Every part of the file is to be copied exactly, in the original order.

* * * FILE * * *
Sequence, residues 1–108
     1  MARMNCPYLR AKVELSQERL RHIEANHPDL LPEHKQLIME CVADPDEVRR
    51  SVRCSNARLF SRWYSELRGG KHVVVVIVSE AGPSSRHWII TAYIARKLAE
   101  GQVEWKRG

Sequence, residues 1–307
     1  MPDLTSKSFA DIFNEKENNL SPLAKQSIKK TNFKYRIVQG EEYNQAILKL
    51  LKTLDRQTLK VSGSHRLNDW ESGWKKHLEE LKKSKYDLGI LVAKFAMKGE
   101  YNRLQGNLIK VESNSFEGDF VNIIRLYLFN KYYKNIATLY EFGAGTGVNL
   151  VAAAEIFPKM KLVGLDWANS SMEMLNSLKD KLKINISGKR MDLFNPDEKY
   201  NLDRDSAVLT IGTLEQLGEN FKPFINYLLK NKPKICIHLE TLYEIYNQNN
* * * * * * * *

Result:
Sequence, residues 1–108
     1  MARMNCPYLR AKVELSQERL RHIEANHPDL LPEHKQLIME CVADPDEVRR
    51  SVRCSNARLF SRWYSELRGG KHVVVVIVSE AGPSSRHWII TAYIARKLAE
   101  GQVEWKRG

Sequence, residues 1–307
     1  MPDLTSKSFA DIFNEKENNL SPLAKQSIKK TNFKYRIVQG EEYNQAILKL
    51  LKTLDRQTLK VSGSHRLNDW ESGWKKHLEE LKKSKYDLGI LVAKFAMKGE
   101  YNRLQGNLIK VESNSFEGDF VNIIRLYLFN KYYKNIATLY EFGAGTGVNL
   151  VAAAEIFPKM KLVGLDWANS SMEMLNSLKD KLKINISGKR MDLFNPDEKY
   201  NLDRDSAVLT IGTLEQLGEN FKPFINYLLK NKPKICIHLE TLYEIYNQNN